Pets are family too. We often depend on our animal friends as much as they depend on us. So, reuniting with your pets can be just as important as reuniting with people. Pet owners are often unable to evacuate with their animals or are unable to return to their pets if they become separated from them during the workday. Know where you can take your pet if you need to evacuate your home. Make sure you have your neighbor’s information and ways they can check on your pet, if you cannot return home.
Microchipping is one of the best ways to improve your odds of reuniting with your pet after an emergency, but only if you keep your registration up-to-date. The American Veterinary Medical Association has designated August 15 as National Check the Chip Day as a reminder for pet owners to check and update their pets’ microchip information.
In addition to microchipping, here are some other steps that you can take to be reunited with pets that you’ve become separated from in an emergency.
- Take a selfie with your pet(s).
- Make sure your pet(s) wear collars and tags with up-to-date contact information and other identification.
- Keep your pets close. Keep your pets on a leash or in a carrier. Write your pet’s name, your name, and contact information on each carrier in case you get separated.
For more information, recommendations, and tips on how to Prepare Your Health for a natural disaster or emergency, please visit www.cdc.gov/prepyourhealth.
Thanks in advance for your questions and comments on this Public Health Matters post. Please note that the CDC does not give personal medical advice. If you are concerned you have a disease or condition, talk to your doctor.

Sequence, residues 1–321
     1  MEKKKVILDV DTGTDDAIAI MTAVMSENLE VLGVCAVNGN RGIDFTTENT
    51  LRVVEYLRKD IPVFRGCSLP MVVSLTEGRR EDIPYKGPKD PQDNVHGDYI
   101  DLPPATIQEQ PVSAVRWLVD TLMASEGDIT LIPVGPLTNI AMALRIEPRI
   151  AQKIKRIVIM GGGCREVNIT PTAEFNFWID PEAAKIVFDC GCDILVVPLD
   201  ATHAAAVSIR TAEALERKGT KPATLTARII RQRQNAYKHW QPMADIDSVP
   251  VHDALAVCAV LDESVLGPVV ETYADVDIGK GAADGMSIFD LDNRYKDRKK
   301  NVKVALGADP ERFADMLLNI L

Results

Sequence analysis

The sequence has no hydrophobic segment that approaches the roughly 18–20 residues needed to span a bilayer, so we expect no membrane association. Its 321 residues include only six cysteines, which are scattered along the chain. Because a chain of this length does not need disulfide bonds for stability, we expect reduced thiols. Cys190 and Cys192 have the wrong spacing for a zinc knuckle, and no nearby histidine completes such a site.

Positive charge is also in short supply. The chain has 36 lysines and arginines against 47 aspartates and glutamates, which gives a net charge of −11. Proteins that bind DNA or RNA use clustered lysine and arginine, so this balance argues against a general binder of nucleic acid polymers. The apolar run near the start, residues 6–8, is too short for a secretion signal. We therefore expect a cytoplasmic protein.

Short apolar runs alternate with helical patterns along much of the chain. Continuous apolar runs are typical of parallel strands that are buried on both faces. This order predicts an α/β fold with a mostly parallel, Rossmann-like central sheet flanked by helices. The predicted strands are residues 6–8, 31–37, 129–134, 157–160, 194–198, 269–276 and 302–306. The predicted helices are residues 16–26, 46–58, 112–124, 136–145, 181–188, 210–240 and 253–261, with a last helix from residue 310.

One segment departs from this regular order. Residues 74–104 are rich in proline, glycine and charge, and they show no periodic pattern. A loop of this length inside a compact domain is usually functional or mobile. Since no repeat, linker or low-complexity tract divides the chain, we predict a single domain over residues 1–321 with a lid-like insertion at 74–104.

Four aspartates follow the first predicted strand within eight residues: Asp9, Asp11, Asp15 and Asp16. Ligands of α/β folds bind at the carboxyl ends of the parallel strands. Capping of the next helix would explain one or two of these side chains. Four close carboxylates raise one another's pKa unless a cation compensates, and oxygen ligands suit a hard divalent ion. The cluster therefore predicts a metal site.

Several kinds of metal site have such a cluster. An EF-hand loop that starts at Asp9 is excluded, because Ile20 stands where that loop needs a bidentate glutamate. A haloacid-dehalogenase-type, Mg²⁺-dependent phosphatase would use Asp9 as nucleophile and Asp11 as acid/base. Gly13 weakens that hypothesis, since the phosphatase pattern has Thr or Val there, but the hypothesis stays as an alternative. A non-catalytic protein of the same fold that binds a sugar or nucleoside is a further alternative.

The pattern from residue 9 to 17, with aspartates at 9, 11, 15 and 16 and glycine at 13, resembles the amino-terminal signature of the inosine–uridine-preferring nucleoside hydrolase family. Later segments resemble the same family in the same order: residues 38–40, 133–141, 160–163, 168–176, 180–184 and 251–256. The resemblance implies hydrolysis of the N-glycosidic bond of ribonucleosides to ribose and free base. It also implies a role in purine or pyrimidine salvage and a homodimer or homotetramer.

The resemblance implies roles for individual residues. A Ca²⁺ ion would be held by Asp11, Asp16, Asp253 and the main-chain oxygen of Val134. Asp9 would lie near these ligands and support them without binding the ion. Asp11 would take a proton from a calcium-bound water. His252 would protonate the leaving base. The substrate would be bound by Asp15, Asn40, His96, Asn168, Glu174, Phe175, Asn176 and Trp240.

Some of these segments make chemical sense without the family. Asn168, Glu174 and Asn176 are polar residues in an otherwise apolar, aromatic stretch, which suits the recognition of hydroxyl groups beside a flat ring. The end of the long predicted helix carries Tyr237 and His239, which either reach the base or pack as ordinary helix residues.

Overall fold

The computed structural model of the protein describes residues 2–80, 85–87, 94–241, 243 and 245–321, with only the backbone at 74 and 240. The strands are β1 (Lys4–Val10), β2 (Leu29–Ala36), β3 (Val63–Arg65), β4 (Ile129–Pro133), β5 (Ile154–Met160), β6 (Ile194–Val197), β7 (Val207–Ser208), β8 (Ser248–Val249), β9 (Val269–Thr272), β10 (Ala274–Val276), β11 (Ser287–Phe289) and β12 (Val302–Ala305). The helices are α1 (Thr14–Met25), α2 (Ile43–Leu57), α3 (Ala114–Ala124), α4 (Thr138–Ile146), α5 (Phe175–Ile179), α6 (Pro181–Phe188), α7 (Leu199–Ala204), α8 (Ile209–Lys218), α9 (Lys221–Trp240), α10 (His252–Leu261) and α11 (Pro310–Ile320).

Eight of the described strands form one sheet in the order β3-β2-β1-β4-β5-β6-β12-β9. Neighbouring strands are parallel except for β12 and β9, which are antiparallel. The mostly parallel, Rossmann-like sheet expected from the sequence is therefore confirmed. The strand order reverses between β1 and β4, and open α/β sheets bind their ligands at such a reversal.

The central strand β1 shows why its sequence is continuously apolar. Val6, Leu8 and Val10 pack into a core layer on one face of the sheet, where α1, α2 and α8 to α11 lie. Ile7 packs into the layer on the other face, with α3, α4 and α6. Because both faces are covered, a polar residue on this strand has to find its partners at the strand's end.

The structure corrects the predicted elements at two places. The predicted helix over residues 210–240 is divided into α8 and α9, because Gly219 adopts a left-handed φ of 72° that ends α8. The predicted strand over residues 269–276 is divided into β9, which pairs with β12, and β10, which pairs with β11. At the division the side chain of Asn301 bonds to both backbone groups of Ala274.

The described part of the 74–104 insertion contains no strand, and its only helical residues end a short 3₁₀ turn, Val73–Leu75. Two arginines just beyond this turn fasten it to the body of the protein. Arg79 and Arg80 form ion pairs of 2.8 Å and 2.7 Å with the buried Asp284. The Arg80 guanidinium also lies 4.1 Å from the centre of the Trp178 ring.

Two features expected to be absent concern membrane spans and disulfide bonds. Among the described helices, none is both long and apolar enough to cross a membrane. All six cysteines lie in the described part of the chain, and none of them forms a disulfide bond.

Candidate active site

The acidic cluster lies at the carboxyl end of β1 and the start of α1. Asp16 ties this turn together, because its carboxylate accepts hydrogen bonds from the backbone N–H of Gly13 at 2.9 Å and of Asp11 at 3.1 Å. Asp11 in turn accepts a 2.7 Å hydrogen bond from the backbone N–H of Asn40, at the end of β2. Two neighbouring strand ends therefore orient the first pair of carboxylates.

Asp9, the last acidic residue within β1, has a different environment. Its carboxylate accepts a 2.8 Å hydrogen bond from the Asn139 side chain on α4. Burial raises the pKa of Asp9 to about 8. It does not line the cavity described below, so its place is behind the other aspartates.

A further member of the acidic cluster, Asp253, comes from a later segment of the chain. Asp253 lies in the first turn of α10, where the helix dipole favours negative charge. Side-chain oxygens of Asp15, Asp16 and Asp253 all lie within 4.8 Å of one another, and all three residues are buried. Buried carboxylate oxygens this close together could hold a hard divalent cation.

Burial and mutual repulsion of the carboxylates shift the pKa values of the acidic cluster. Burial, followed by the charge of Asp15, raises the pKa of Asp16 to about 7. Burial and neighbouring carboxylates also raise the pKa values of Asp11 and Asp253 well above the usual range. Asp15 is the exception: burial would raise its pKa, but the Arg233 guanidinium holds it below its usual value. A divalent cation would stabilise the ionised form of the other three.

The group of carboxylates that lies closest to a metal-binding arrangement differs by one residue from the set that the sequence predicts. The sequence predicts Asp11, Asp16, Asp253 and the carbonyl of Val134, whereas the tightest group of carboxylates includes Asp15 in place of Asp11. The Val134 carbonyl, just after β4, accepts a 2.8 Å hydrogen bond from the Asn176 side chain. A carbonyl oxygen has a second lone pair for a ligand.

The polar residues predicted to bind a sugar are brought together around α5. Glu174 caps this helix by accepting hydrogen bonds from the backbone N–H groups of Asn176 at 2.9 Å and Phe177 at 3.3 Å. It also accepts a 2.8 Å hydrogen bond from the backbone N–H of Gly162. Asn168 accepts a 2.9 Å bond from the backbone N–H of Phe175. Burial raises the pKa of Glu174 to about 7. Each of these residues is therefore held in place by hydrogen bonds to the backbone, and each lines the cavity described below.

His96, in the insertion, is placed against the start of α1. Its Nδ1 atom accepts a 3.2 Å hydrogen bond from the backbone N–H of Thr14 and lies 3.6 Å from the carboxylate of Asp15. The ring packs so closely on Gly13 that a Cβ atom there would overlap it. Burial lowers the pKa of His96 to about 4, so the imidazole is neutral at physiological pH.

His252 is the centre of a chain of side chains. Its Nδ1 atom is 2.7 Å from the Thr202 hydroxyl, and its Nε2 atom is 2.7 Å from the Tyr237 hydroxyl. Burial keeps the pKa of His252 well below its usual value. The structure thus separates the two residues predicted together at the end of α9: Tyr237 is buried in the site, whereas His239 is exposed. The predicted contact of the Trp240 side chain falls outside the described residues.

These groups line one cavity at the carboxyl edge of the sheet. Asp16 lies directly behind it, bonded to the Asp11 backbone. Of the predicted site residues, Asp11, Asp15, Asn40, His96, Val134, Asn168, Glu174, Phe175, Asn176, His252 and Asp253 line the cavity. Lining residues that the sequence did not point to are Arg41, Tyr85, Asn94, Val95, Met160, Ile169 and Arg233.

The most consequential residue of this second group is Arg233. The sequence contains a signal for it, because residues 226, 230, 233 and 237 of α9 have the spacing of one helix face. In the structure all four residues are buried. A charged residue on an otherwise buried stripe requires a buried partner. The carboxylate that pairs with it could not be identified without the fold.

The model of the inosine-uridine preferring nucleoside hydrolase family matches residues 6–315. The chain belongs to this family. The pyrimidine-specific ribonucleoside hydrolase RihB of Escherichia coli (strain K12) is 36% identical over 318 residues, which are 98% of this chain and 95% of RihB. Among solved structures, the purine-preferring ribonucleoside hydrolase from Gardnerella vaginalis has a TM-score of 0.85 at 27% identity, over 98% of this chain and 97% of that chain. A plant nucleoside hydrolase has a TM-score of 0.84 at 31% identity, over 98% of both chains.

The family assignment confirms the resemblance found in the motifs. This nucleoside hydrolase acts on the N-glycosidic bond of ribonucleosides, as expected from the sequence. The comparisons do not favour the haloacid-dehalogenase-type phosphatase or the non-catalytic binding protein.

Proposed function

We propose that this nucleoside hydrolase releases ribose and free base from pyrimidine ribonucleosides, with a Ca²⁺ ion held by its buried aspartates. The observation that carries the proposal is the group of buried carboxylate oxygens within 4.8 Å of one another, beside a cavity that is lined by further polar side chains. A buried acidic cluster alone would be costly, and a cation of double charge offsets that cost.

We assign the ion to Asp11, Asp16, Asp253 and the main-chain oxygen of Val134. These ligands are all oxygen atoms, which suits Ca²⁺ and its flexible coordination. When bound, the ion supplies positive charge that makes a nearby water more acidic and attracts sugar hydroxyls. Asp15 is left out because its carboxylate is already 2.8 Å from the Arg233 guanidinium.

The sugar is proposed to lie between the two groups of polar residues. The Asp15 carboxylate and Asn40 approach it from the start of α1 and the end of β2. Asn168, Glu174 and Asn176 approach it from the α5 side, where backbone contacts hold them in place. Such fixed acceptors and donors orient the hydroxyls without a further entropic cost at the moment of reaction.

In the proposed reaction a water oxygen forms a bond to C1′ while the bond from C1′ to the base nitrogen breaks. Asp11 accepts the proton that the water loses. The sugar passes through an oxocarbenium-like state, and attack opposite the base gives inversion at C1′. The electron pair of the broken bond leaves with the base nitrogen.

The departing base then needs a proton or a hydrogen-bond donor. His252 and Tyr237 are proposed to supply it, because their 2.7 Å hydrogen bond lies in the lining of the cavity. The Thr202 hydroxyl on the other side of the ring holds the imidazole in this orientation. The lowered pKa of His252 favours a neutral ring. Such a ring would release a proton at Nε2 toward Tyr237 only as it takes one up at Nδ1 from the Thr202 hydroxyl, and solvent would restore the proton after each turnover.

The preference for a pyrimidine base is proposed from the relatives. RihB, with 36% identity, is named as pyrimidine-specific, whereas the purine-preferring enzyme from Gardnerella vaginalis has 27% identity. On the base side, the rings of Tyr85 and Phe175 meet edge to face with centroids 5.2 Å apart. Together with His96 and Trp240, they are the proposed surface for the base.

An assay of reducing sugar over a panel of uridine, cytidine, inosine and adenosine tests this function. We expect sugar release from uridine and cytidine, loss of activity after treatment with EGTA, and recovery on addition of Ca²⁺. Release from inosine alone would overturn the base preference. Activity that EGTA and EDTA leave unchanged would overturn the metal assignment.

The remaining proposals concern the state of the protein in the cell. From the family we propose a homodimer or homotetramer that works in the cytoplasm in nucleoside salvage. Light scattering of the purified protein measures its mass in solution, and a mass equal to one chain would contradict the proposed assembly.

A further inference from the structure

Have a question for CDC? CDC-INFO (http://www.cdc.gov/cdc-info/index.html) offers live agents by phone and email to help you find the latest, reliable, and science-based health information on more than 750 health topics.
3 comments on “Lost and Found: Reuniting with Loved Ones in an Emergency”
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This blog was very informative to me and as someone who has senior parents who are determined to be independent, it is always a factor for me in a disaster because I worry about my parents. Two of my aunts also live with a 5 mile radius of my parents which is helpful when I need someone to check on them. My mother is on our cellphone service, so she has the health ID filled out and my dad still has a flip phone because he refuses for me to pay for his service, so that would not work for him. Their community is also mostly older adults with it’s own fire/EMS station in the community which is helpful. As a registered nurse who works with the community, I would have to say this is a very good topic in that we get senior people who are unable to provide us information on their family when they arrive to the hospital, so having a buddy system with their neighbors can be helpful. Thanks again!
This blog was very informative and mind-blowing at the same time. As a healthcare worker, I am very aware of the emergency plan that we have at the healthcare facility I work at. But, I never took the time nor did I ever think that my children’s school has an emergency plan also. I complain so much at the beginning of school when they send my children home with many forms requesting the same information over and over. After reading this blog, I now understand why these forms are important because they are apart of the emergency plan.
I am actually so glad that I came across this blog. Not only was it informative it provided ready links for helpful identifiers like the Ready Wrigley Backpack Emergency Card. I for one am a mom and pet owner and I always have in the back of my mind “what if” if something were to happen and I somehow couldn’t get to my child or my pets. There are some suggestions I did not even think about that I will be using from here on out. I really like the back pack card, I had completely forgotten to update my dogs collar information and I do not even have one for my cat and I will also be asking for my child’s schools emergency plan. I saw someone mention above regarding all the repetitive information that the schools ask for and now after this blog I get it as well. I tell everyone CDC.gov is my go to for information however, I do not use it enough. Thank you for this information and links for resources.